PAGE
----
State could be short 300 teachers, HSTA estimates
By Alice Keesing
Advertiser Education Writer
The Department of Education is scrambling to put a teacher in every classroom as the school year begins, but it likely will fall well short in the face of stiff competition from other states during a nationwide teacher shortage.
It's too early to say how Hawai'i has fared this year in filling its 1,400 to 1,500 annual vacancies, said DOE personnel director Sandra McFarlane. The numbers are fluctuating daily as the department adds new arrivals and subtracts those who are leaving or retiring, she said. However, McFarlane believes the department's aggressive recruiting tactics are starting to pay off.
But the Hawai'i State Teachers Association believes the system could still be short about 300 teachers, leaving substitutes and part-timers to fill the classrooms.
By comparison, the state was short 164 teaching positions in November of last year.
The department is laboring under the growing expectation of a qualified teacher in every classroom to help the schools move forward. And there is the added pressure from a federal judge who has said he will take over the special education system if the department does not bring the number of special-education teachers who are licensed from 77 percent to 85 percent by November.
Making some progress
The department is gaining ground, McFarlane believes. DOE recruiters succeeded in attracting about 300 Mainland teachers to Hawai'i schools this year. And a Mainland headhunter, Columbus Educational Corp., has swelled the ranks by an additional 138 special education teachers, despite a lower-than-expected result last school year. The Columbus contract was much maligned by the teachers union because it offered more lucrative packages to newcomers than existing teachers receive.
The effects of the recruitment drives are working their way down to the schools, even in notoriously hard-to-staff areas such as Ka'u on the Big Island. At Na'alehu Elementary & Intermediate, principal Peter Volpe is beginning the year with a full staff.
"That's one of the stresses and nightmares that principals go through because you don't have a full staff and school is approaching," Volpe said. "But this is one of the better years."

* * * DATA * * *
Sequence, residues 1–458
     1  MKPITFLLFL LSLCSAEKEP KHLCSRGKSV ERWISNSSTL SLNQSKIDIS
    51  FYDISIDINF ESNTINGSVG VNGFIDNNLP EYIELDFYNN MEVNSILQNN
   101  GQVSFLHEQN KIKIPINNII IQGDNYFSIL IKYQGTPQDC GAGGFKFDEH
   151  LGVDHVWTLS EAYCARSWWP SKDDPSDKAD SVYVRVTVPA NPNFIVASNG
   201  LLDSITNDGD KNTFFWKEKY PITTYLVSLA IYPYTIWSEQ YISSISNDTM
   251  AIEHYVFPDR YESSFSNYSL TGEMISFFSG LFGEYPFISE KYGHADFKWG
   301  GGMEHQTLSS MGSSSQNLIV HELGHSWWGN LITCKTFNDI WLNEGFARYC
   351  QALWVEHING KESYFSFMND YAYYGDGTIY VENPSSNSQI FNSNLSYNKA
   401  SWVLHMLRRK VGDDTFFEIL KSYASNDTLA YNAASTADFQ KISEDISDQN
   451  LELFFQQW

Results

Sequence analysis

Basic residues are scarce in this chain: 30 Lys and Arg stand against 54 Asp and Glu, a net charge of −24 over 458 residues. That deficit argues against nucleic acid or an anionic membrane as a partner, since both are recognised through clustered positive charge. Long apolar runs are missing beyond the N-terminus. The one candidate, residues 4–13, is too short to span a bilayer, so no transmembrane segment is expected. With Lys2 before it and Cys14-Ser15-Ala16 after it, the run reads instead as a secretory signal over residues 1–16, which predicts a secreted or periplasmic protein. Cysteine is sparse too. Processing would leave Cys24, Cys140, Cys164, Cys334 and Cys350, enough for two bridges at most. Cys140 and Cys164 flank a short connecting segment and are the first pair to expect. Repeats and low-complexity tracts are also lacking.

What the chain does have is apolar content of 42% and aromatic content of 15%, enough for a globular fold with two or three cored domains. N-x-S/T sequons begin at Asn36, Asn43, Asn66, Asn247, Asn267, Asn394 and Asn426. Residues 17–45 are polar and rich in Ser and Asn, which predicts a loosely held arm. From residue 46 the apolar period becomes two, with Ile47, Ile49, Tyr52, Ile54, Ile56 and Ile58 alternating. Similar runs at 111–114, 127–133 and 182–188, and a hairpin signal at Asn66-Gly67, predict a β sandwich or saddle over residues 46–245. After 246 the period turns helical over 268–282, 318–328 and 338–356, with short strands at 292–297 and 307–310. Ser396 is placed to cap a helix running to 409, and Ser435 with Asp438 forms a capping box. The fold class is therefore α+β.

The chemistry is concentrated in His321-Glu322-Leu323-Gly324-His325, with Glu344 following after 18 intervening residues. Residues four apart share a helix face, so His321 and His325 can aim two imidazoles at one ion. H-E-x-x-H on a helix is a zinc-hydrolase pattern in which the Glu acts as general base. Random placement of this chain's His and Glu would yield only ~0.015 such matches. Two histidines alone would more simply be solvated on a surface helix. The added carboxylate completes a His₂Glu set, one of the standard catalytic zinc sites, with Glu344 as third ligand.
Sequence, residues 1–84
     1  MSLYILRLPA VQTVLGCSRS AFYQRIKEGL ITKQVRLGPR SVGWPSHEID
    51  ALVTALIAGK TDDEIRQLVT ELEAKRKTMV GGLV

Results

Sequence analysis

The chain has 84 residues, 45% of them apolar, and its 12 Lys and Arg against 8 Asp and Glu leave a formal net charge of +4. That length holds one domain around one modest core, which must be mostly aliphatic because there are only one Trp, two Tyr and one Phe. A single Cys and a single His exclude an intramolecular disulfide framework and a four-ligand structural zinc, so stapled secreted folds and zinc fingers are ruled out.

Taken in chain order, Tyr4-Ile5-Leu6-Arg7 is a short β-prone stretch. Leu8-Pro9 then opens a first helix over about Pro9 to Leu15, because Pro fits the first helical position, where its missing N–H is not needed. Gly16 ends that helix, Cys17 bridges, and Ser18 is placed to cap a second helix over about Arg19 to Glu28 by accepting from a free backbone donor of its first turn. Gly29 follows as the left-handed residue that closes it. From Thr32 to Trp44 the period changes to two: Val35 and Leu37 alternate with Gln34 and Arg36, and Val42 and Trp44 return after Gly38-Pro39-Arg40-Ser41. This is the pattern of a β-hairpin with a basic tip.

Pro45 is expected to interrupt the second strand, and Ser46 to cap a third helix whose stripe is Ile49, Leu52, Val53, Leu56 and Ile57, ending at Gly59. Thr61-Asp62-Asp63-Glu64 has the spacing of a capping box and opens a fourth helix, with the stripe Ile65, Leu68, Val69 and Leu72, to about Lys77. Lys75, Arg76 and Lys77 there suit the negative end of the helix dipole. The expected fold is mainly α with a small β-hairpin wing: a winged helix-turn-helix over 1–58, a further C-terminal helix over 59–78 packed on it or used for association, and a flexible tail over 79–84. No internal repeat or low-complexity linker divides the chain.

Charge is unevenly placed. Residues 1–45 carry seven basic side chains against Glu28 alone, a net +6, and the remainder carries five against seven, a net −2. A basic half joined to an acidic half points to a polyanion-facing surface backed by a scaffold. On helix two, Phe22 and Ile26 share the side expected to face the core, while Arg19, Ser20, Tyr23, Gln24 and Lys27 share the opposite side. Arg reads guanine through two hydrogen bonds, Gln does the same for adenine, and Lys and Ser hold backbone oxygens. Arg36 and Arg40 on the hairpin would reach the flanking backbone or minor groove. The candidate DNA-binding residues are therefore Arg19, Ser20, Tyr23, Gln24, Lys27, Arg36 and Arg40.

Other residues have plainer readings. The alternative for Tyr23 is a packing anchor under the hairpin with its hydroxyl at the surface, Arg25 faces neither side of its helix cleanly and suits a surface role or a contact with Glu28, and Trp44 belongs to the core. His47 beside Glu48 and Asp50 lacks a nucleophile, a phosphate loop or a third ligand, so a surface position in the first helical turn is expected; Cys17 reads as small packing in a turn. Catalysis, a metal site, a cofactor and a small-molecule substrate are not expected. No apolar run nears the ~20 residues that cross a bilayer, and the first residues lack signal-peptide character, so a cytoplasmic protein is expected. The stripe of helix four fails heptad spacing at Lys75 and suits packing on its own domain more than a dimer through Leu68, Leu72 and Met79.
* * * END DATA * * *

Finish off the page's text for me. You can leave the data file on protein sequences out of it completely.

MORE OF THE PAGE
Maui District, which includes the islands of Moloka'i and Lana'i, also has struggled in the past.
At the end of last week, the Maui personnel office was still searching for 23 special education teachers, six counselors and about 20 regular classroom teachers.
Even with those vacancies, Maui personnel specialist Robyn Honda believes the hard work is paying off.
"We're doing much better than last year," said Honda, who has been known to recruit at the supermarket and the airport.
But in other areas, it's still a struggle. At Leihoku Elementary in Leeward O'ahu, principal Randall Miura is without five of his 55 teachers this year. Those five teachers were supposed to be part of a program to bring down class sizes so each student gets more time and help learning to read.
"It's worse (this year) in the sense that there's not a pool of applicants from which we can interview from," Miura said.
The HSTA is placing some of the blame for the continuing shortage on the governor. The teachers contract remains unsigned and unpaid while the state and union argue over whether a bonus for teachers with master's degrees was meant to be paid for one or two years.
"This shortage is only going to get worse if we don't get this contract in place," said HSTA Executive Director Joan Husted. The continuing dissension can only be keeping prospective recruits away, she believes.
For Elsa Svensson, the promise that Hawai'i's teachers' strike was settled was enough to lure her from her Seattle classroom, convince her husband to quit his job and pack their belongings for a new life in Hilo. Svensson is exactly the kind of teacher the DOE is keen to recruit. She works in special education. She has a master's degree and another degree in sign language interpreting. And she was looking at a long-term commitment to Hawai'i's schools.